Greenpeace is taking the whaling debate to the Japanese people

Meanwhile, Bush appointees to the International Whaling Commission are attempting to undermine President Obama’s policy on whaling.

Feature story - January 28, 2009
As Greenpeace marks 20 years of non-violent environmental campaigning in Japan this year, we have officially opened a new Communications Center in the northern fishing district of Aomori. We're bringing our message of healthy oceans, whale protection, and sustainable fisheries direct to the people of this port city.

A traditional sake barrel-breaking ceremony marked the launch of the new Center, which is located in the city where the trial of two Greenpeace activists who exposed corruption in the Japanese whaling industry will take place a few months from now.

But even as we're taking our anti-whaling campaign to the next level by targeting the source of demand for whale meat, holdovers from the Bush administration are already attempting to undermine President Obama's forward-thinking foreign policy on whaling.

A change in perspective

The head of the local fisherman's union and one of Aomori's most influential local farmers spoke at our opening ceremony, which was heavily attended by local and national media. Both men spoke of Greenpeace as being misunderstood in Japan but expressed hope that the people of Aomori would take the time to listen and understand the true nature of the organization.

The fisherman, Hirosumi Hamata, noted that we share a common goal in creating sustainable fisheries. He said he had been wary of Greenpeace until he met Wakao, one of our campaigners in Tokyo. Now Hamata says he is keen to see what we have to say and what our Japanese office has planned.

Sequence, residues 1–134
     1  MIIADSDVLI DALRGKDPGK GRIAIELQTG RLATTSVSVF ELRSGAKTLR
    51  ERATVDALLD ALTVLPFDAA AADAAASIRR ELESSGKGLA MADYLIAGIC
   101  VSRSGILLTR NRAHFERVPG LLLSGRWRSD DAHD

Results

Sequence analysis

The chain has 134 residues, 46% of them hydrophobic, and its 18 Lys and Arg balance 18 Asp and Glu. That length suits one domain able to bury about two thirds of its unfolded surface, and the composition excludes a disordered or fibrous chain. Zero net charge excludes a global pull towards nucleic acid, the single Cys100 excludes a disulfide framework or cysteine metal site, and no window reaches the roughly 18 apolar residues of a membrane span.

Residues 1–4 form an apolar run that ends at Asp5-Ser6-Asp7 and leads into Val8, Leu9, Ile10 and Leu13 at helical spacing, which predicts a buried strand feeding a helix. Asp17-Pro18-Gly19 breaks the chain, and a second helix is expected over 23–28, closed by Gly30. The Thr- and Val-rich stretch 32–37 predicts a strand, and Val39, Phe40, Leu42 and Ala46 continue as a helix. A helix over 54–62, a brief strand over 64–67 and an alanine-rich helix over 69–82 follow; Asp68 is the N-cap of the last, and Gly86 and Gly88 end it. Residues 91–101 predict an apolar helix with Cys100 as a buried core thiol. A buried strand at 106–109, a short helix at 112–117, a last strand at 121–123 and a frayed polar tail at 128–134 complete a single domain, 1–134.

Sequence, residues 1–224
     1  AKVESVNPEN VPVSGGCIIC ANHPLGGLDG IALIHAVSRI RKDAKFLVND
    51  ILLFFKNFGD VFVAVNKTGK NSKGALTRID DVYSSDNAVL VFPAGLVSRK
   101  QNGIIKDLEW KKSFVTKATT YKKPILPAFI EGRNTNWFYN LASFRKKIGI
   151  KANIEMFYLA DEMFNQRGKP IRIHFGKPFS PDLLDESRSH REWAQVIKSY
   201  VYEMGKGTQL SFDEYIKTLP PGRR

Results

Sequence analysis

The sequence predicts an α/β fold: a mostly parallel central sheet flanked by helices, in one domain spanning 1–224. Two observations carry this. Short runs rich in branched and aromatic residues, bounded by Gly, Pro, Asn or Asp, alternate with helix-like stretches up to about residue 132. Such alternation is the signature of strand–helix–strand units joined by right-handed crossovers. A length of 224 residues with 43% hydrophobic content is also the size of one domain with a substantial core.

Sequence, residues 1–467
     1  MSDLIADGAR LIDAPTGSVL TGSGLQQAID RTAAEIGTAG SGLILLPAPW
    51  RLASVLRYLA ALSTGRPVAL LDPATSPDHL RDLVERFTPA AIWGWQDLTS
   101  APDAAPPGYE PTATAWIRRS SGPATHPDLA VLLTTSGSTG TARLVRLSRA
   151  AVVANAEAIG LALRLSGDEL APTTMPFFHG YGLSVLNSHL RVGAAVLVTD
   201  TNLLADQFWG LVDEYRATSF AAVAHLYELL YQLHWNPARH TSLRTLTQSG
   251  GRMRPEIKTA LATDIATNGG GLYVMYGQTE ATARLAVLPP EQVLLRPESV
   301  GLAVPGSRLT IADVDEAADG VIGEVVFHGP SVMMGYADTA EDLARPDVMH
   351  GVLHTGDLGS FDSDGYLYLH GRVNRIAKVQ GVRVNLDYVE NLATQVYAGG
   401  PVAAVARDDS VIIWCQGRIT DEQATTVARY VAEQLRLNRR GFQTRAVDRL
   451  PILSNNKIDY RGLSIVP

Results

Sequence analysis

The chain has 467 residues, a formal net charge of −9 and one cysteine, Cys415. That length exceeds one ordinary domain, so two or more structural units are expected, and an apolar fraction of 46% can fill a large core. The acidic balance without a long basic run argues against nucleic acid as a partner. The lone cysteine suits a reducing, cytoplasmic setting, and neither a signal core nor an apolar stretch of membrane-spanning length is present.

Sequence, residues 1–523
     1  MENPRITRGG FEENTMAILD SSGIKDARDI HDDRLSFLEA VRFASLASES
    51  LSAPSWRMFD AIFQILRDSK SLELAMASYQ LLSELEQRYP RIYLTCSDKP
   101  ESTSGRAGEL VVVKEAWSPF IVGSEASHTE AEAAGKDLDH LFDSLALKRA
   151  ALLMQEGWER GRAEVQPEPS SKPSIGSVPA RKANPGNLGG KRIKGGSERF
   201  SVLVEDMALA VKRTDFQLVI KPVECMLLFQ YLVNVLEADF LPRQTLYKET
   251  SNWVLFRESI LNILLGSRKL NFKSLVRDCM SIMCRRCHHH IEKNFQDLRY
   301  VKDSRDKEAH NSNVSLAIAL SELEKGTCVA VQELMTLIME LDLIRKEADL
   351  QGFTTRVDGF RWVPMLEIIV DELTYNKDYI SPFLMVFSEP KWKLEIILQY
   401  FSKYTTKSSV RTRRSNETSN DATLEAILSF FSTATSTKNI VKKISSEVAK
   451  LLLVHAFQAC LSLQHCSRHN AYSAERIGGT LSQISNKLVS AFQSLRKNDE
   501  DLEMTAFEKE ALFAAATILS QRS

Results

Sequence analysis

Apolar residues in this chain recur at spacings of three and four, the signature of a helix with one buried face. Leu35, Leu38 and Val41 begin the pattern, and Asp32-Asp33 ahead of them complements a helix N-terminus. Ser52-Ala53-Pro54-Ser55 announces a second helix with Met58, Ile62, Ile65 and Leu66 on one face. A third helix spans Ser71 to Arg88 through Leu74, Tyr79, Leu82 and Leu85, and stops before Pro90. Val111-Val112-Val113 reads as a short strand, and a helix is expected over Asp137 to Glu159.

The Aomori Communication Center will be a hub for information and discussion on Japan's whaling in the Southern Ocean Whale Sanctuary. According to   opinion polls, a majority of the Japanese people don´t support whaling in the Southern Ocean, and nearly 87 percent are unaware that their taxes subsidize the program.

Many Japanese imagine that modern whaling involves small boats hunting individual whales along Japan's coastline. Images of the massive factory vessel, which sails each year to the Antarctic leading a fleet of industrial whaling ships, often come as a shock. Japanese media had paid relatively little attention to the whaling issue until Greenpeace broke the news of the whale meat scandal.

Bush Administration appointees try to strike last-minute deals

The election of Barack Obama was a welcome development for our anti-whaling campaign, as the new American president has said he's committed to ending Japan's whaling program. But U.S. delegates on the International Whaling Commission (IWC) left over from the Bush Administration are attempting to strike a deal that would be a setback in the campaign to save the whales.

According to news reports out of Hawaii, Bush appointees on IWC - Doug DeMaster and commission chairman William Hogarth - participated in closed-door talks with Japanese officials to negotiate a deal that would allow increased whaling off the coast of Japan in return for marginal limits on Japan's illegal commercial whaling program in the Southern Ocean Whale Sanctuary. The trade-off will not benefit whale conservation and could actually put additional endangered populations at risk.

The deal would run counter to President Obama's commitment to end Japanese whaling. In December of 2007, then-Senator Obama told Greenpeace that "As president, I will ensure that the U.S. provides leadership in enforcing international wildlife protection agreements, including strengthening the international moratorium on commercial whaling. Allowing Japan to continue commercial whaling is unacceptable."